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Hudson County Gastroenterology

(201) 854-4646 

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What is an ERCP?

An ERCP is an Endoscopic Retrograde Cholangiopancreatography. It helps the physician diagnose problems in the liver, gallbladder, bile ducts, and pancreas. It combines x-rays with an endoscope.

Why is it Done?

ERCP helps diagnose and treat conditions of the bile ducts, including gallstones, inflammatory strictures or scars, leaks associated with trauma or surgery, and cancer.

How to Prepare?

You must inform your doctor:

  • If you are on Coumadin, Aspirin, Plavix, or other blood thinners.
  • If you might be pregnant.
  • If you have had a barium x-ray or CT scan in the past few days.

You also must stop taking anti-inflammatory drugs (such as Aspirin, Advil, Motrin, Naprosyn, etc.) for several days before the ERCP procedure.

If you are a diabetic, notify our office at (201) 898-2258 to discuss your morning diabetes medications. Check your glucose before leaving home and tell the result to the nurse when arriving at the endoscopy suite. Bring your glucose meter with you.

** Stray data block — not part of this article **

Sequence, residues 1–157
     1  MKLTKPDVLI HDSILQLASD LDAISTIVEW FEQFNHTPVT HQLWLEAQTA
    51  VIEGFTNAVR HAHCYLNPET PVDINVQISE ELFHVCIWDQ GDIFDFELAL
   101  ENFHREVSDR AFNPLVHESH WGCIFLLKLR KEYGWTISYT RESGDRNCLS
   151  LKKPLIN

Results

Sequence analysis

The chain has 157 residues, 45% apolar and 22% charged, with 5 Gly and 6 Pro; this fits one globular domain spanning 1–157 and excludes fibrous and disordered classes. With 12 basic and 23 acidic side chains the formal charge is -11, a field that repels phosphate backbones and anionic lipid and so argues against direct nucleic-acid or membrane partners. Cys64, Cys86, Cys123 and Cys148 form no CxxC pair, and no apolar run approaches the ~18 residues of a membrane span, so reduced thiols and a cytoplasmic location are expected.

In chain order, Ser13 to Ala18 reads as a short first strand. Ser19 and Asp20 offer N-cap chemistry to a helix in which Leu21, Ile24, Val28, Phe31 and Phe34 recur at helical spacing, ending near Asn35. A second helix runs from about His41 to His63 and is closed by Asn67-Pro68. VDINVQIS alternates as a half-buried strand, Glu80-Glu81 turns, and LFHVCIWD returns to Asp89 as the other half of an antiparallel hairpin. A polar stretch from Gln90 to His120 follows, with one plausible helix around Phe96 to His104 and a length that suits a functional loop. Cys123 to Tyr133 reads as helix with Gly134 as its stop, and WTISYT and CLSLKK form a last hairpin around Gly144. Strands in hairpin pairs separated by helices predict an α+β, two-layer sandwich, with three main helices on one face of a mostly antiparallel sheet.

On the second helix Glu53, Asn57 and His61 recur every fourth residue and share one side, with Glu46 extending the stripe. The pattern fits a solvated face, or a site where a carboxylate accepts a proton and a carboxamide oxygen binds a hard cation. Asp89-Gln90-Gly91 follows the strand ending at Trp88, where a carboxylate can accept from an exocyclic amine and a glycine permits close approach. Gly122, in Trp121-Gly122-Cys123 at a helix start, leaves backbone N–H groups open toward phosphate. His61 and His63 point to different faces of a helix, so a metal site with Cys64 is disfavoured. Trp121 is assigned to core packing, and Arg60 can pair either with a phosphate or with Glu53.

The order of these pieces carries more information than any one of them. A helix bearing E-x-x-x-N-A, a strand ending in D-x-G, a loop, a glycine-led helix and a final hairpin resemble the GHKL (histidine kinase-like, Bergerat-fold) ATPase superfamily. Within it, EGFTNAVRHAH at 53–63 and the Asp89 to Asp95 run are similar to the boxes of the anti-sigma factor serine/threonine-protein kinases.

If your procedure is before noon, eat no solid food after midnight the previous night.

You may have clear liquids until four hours before the procedure, and then nothing at all by mouth.

Bring a driver or arrange transportation after your procedure. Driving is not permitted for at least 12 hours, due to drowsiness and delayed reflexes from the IV medication. You should not conduct any business or sign any legal documents that day.


How Does an ERCP Feel?

Discomfort might occur when the physician blows air into the duodenum and injects dye into the ducts. However, medicine should keep any discomfort to a minimum.

After the Test

Following the procedure, you will remain at the hospital for an hour or two as the sedatives wear off. The doctor will ensure you do not have signs of complications before leaving. If any treatment is done during ERCP, such as removing a gallstone, you may stay in the hospital overnight.